SDL (Selective Deposits Layer): 3D Printing with Paper and Lasers
Selective Deposition Lamination (SLD) is a 3D printing process
using paper. This process is similar to Laminated Object Manufacturing
(LOM) rapid prototyping method. The process involves layers
of adhesive coated paper (or plastic or metal laminates) that
are successively glued together with a heated roller and cut
to shape with a laser cutter layer by layer. A roller with
the material moves each new sheet of material over the last
and repeats the process until the object is completed.
Materials to 3D print using this process is relatively low cost since you can use off the shelf copy paper from any office store. Since 3D printed models from paper have wood like characteristics, they can be further processed using some wood finishing techniques.It differs from Lost Object Manufacturing in a couple regards, Most notably in the gluing process. SDL adheres only the parts of the object that will fabricate the object, whereas LOM glues the entire sheet uniformly.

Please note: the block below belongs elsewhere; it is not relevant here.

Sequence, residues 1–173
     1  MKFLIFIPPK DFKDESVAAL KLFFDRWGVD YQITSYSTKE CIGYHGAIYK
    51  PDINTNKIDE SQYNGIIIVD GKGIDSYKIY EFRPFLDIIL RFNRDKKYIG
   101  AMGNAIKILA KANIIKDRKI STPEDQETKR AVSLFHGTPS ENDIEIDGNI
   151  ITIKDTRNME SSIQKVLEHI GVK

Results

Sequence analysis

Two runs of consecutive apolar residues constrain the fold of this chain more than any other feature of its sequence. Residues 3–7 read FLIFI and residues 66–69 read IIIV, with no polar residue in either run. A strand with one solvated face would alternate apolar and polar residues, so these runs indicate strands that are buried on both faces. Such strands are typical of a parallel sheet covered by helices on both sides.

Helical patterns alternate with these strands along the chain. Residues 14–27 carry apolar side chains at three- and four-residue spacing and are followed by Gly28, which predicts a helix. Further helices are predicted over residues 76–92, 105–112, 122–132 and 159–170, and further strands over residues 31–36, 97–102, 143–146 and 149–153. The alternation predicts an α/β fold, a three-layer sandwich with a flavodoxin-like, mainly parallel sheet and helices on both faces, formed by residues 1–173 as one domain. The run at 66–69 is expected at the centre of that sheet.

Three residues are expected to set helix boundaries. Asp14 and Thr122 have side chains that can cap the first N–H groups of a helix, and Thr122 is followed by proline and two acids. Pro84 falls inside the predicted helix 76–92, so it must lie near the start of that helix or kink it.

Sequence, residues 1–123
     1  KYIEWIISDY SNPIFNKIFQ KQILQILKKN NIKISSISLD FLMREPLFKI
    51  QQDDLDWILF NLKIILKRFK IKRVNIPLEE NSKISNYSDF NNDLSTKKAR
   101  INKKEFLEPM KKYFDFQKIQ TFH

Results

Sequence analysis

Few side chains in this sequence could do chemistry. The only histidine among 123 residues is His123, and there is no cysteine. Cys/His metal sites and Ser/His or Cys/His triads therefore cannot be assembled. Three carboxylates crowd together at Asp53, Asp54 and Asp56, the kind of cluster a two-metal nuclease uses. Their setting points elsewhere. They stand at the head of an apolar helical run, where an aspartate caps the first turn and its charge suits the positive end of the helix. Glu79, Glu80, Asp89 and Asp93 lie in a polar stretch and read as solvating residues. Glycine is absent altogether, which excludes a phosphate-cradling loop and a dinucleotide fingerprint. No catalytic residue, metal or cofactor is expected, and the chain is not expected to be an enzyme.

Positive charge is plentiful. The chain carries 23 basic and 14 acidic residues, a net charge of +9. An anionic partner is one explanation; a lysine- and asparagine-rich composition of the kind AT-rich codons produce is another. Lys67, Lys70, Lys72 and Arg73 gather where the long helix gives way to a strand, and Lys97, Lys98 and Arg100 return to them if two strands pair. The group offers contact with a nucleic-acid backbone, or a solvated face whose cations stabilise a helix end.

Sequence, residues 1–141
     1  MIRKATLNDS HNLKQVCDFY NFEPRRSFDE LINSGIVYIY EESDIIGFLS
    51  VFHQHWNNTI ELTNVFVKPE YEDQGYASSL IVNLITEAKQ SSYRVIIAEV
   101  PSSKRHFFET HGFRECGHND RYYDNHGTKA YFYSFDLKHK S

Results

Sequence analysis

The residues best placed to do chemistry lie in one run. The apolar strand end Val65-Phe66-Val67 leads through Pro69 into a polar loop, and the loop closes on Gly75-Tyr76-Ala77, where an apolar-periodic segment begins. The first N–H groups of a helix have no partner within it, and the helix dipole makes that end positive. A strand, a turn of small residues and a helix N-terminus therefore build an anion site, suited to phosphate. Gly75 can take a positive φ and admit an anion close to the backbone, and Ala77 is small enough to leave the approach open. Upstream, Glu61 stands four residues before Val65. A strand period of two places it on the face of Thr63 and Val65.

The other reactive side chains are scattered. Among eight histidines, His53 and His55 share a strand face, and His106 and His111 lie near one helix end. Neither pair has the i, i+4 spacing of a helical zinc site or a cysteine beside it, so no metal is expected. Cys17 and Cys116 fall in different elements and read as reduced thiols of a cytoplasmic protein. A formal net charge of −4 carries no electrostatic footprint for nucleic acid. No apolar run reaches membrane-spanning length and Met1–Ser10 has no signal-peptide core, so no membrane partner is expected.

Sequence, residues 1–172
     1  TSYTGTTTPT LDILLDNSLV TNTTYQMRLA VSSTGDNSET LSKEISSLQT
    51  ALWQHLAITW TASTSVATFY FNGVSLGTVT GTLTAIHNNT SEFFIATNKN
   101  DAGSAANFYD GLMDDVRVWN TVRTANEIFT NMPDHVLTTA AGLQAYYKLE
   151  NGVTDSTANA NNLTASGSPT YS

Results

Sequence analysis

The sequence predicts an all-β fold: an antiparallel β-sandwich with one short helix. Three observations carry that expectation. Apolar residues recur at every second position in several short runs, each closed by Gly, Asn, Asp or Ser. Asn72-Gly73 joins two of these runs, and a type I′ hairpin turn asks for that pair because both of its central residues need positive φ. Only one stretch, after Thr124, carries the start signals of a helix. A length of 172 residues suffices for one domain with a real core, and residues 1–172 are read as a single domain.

More information regarding SDL is available on the page dedicated to 3D printing technologies.